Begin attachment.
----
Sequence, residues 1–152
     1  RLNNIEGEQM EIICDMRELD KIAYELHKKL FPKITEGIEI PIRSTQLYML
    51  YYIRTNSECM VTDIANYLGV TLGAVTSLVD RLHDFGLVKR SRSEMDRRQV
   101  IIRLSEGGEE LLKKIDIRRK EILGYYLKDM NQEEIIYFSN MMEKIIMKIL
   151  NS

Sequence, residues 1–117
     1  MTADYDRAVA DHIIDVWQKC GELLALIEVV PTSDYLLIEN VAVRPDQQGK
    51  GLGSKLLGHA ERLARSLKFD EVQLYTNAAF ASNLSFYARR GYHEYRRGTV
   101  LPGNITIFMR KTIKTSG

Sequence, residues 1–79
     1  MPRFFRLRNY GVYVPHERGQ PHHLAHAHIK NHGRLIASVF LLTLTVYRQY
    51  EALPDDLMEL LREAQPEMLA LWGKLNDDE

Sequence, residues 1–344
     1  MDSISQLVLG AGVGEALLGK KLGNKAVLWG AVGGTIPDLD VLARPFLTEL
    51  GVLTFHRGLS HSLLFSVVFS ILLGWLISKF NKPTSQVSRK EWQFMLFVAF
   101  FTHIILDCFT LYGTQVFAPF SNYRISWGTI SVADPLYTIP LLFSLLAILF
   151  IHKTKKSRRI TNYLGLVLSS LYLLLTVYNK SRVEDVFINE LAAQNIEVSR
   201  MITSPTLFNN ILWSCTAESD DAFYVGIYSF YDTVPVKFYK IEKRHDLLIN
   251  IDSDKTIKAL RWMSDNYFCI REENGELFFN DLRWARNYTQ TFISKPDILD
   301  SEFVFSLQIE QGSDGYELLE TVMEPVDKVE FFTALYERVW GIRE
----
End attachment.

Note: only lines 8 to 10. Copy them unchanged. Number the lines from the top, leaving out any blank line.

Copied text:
    51  GLGSKLLGHA ERLARSLKFD EVQLYTNAAF ASNLSFYARR GYHEYRRGTV
   101  LPGNITIFMR KTIKTSG

Sequence, residues 1–79